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FPÖ leader Heinz-Christian Strache defended his parties’ provincial election candidate over what has been dubbed an anti-Semitic statement.

Strache backs provincial party leader over 'anti-Semitic' slur

By Thomas Hochwarter

Freedom Party (FPÖ) leader Heinz-Christian Strache defended his parties’ provincial election candidate over what has been dubbed an anti-Semitic statement.

Strache said in last night’s "Sommergespräche" (Summer Talks) debate show on national broadcaster ORF he did not regard "exile Jew" a swear word or an insult. FPÖ Vorarlberg leader Dieter Egger caused outrage last week when he claimed Hanno Loewy, the head of the Jewish Museum in Hohenems, was an "exile Jew from America."

Vorarlberg Governor Herbert Sausgruber warned he would not consider a coalition of his People’s Party (ÖVP) and the FPÖ after the 20 September provincial election if Egger did not apologise.

Strache yesterday claimed Sausgruber’s reaction was "exaggerated", explaining: "Egger wanted to stress that the FPÖ did not accept that permanent kind of criticism of our poster campaign and other things by citizens of other countries."

The federal FPÖ leader added there would be no consequences for Egger, stressing his party would not allow the ÖVP to give them advice on how to manage their human resources. "(Former SPÖ Chancellor Bruno) Kreisky was also an exile Jew and a great patriot," he added.

Speaking on other issues, Strache appealed to ÖVP Interior Minister Maria Fekter to strip people who had recently become Austrian citizens and then turned to crime of their citizenship. On that issue, Strache apparently agrees with Alliance for the Future of Austria (BZÖ) MP Ewald Stadler, who made the same suggestion earlier this year after armed attackers had gunned down Sikh priests in a Vienna temple.

"Mass integration causes major problems," Strache claimed while speaking with ORF presenter Ingrid Thurnher and comedian Monica Weinzettl.

The FPÖ boss also criticised Vienna’s Social Democratic (SPÖ) Mayor Michael Häupl as there will be provincial election in the capital next year. Strache, who also heads the Vienna branch of his party, lambasted the Viennese SPÖ government as "socialist, which is the opposite of social", claiming he was the latter and Häupl was letting poor and underprivileged residents down.

Strache criticised the "low standard of education for young people" but also the federal government’s bank-assistance package. He repeated his calls for a subsidy plan for small and medium-sized businesses, including tax reductions.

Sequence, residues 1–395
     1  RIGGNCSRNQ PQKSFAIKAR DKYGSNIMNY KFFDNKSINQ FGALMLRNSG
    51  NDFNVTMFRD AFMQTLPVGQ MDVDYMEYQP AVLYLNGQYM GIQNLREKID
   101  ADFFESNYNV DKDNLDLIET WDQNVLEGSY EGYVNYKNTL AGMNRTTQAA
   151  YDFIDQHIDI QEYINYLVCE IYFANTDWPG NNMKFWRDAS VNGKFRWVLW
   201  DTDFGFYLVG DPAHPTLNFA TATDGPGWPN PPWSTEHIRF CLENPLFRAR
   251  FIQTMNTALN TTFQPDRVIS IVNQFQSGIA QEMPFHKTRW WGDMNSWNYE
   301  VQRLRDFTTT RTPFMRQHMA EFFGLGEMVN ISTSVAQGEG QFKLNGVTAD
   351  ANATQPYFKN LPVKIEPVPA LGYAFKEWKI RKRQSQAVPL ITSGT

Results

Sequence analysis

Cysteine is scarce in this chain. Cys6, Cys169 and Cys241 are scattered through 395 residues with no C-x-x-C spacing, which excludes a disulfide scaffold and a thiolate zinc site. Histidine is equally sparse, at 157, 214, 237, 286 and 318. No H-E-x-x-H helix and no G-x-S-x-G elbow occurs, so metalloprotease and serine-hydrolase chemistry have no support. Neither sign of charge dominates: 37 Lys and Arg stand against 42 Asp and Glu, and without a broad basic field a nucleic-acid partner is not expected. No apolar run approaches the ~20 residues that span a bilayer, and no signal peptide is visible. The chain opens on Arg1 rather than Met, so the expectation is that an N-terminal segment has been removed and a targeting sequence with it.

Strache dismissed criticism of former poster campaigns with slogans such as "Abendland in Christenhand!" (Occident in the Hands of Christians!). "This is poster language that is short and precise and gives people a chance to discuss the matter."

Strache, who took over as FPÖ leader in 2005 when former party chief Jörg Haider went on to found the BZÖ, pledged: "We are a democratic party that disassociates itself from all forms of extremism, regardless of whether it comes from the left or the right side of the political spectrum."

The public prosecutor’s office in Feldkirch, Vorarlberg, meanwhile, has announced they will check statements made by Egger to find out whether legal action should be taken.

Head prosecutor Franz Pflanzner said: "There is a possibility the statements could lead to consequences under sedition paragraph number 238 because of wide media coverage."

Hanno Loewy, who was called an "exile Jew from America" by the politician, said he would "rather not" press for legal action over the statement. Loewy said: "What Egger said is not insulting but just wrong."

Egger reacted with newspaper ads in which he called for financial subsidies for Austrian families in the province. "The director of the Jewish Museum does not like that. He would love to ban our efforts for our home country. But we will not accept that. This has nothing to do with anti-Semitism."

Award-winning, Vorarlberg-based author Michael Köhlmeier, who interviewed BZÖ leader Josef Bucher in last week’s edition of ORF’s "Sommergespräche", blasted Egger, saying: "A man who says such things is discredited for all time. This person is done."

Köhlmeier, best known for his epic 2007 masterpiece "Abendland", added he would write a complaint to ÖVP Justice Minister Claudia Bandion-Ortner asking her to check if legal action could be taken against Egger.

Loewy said: "Egger knows where I’m coming from - Frankfurt. And not as an immigrant, but because I was asked to settle down here by Vorarlberg."

FPÖ General Secretary Herbert Kickl backed Egger. Kickl said it would be "ridiculous" to label Egger’s statements anti-Semitic. "There is no reason to apologise," Kickl added.

Kickl said Egger had only rejected interference by Loewy, who had criticised FPÖ slogans in an open letter.

Kickl said: "Politics is made by politicians, and we do not want any pseudo-moralistic intervention."

The discussion is only one of several regarding actions by the right-wing party or statements by its members this year. A few months ago, FPÖ MP and Third President of Parliament Martin Graf came under fire for accusing Ariel Muzicant, the head of the Austrian Jewish Community (IKG) of being the "godfather of anti-fascist, left-wing terrorism in Austria."

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